4 To Watch For: Charlie Mars

Music Features Charlie Mars

You can almost hear the pounding hooves. Throughout the eponymous V2 debut from Oxford, Miss., artist Charlie Mars, a spooky Southern Gothic aura gallops like some spectral pale stallion. Underscored by Mars’ haunted ethereal tenor and mired in swampy piano and acoustic six-string, songs like “Silver Buttons,” “Bay Springs Road,” “Gather The Horses” and “When The Sun Goes Down” channel the blood-and-dogwood spirit of decidedly Dixie authors like Cormac McCarthy. And that’s no accident, cedes the singer—“Cormac McCarthy’s Blood Meridian is my favorite book. I’ve read it 12 times. And it’s funny—when I was really f—ed, when I was not in my right mind, I had a copy of Blood Meridian, and I would just lay in the back of my tour van and read it.” He sighs, then bashfully admits, “I don’t even understand it all—there’s so much in that book that’s over my head. But I think it was Salvador Dali who said ‘Just because I don’t understand the images in my paintings doesn’t mean that they don’t mean anything’.”

Mars also idolizes similarly cryptic Southern scribes such as Barry Hannah and Walker Percy. And his own recent circumstances read like some grim Flannery O’Connor novel. Mars, 29, released three failed independent solo efforts. This fourth outing, he says, was truly his Last Chance Texaco. Currently, he’s handled by the prestigious William Morris Agency; A year ago, he was out of money, out of bandmates, out of inspiration and literally almost out of time. “I was on the road for five years, developing some very bad habits,” he recalls. “I mean, you name it, I was using it, if you could use it to try and escape. I got to that point where I was either finished or I was gonna have to make a change. Fortunately, I had some people around me who helped me see that change was possible.”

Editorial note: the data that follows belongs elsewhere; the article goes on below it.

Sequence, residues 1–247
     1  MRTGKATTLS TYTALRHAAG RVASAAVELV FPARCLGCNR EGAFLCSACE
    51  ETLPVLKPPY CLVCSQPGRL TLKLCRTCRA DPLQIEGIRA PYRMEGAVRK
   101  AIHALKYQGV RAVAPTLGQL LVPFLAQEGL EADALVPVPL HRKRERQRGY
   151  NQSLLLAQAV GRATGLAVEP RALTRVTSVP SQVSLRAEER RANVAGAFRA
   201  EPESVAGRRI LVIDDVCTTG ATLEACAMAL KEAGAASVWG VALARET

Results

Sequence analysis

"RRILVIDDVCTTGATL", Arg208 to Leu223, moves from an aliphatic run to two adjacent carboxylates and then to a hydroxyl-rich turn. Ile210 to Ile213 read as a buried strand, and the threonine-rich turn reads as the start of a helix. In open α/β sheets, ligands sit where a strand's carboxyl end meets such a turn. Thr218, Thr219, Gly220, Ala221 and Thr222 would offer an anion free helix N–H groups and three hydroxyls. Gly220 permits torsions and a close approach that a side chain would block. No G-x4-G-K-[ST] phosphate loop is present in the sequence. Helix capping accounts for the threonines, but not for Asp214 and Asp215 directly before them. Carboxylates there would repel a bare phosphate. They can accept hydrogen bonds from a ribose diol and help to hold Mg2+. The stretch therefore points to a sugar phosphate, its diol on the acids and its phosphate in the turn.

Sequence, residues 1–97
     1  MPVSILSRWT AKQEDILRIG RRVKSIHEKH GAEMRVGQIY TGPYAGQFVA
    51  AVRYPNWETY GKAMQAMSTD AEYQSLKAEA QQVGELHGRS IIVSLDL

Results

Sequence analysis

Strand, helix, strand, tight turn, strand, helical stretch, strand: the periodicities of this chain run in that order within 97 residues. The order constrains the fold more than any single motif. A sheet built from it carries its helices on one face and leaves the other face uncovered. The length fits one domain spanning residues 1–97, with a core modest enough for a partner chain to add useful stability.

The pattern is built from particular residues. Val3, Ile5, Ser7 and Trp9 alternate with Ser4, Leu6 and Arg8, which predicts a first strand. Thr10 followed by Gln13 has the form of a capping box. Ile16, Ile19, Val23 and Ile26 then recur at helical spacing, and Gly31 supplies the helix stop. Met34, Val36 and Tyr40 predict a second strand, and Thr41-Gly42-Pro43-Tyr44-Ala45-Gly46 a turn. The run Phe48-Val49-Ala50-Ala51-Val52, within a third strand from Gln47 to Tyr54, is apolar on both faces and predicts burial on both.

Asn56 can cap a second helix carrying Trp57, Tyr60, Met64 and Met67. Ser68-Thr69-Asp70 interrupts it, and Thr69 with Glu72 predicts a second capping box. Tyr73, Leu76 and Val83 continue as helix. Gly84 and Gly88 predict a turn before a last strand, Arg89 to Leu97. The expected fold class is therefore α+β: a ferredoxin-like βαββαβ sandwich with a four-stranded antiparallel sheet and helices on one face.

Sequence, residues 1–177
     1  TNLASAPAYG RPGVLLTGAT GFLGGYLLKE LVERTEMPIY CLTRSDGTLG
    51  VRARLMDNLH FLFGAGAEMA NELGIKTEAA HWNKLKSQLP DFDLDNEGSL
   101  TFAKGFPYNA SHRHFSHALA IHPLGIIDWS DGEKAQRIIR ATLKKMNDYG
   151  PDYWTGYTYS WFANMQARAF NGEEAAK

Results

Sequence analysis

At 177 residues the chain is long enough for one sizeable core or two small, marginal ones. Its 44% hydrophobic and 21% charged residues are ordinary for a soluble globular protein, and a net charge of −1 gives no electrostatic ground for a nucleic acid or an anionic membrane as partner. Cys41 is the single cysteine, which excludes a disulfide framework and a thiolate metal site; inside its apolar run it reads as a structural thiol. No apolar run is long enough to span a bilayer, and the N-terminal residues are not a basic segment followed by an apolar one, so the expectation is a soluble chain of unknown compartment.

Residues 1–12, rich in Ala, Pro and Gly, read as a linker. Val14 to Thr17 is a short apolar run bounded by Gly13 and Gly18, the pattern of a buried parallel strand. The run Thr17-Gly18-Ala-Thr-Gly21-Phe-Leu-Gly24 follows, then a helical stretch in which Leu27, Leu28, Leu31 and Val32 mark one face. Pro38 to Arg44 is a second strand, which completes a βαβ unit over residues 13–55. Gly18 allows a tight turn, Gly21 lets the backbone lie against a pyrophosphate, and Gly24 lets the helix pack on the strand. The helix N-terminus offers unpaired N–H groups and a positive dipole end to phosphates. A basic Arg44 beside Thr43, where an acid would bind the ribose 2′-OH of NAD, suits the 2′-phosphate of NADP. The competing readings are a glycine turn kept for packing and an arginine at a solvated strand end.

Clear-headed, Mars determined to make this recording count. Painstakingly, he pieced the cuts together, tossing out any idea that wasn’t up to snuff. “I knew the material had to be great in order for me to rise above where I was,” he says in a loping Delta drawl. “And it took a long time for me to get enough material that I felt was great.” And he swears he’ll never detour down a blood meridian again. “I’m staying in Oxford, not moving to L.A.,” he declares devoutly. “My family lives there, it’s cheap, and the food’s really good—chicken-fried steak, mashed potatoes, and fried okra and catfish. And it’s down-to-Earth. There are a lot of good people there who are very kind and generous, who genuinely care and want the best for you.

“And it’s important for me not to get any delusions of grandeur. I don’t need ’em. I’m happy just talking to the guy at the tire store down the street, ya know what I mean?”

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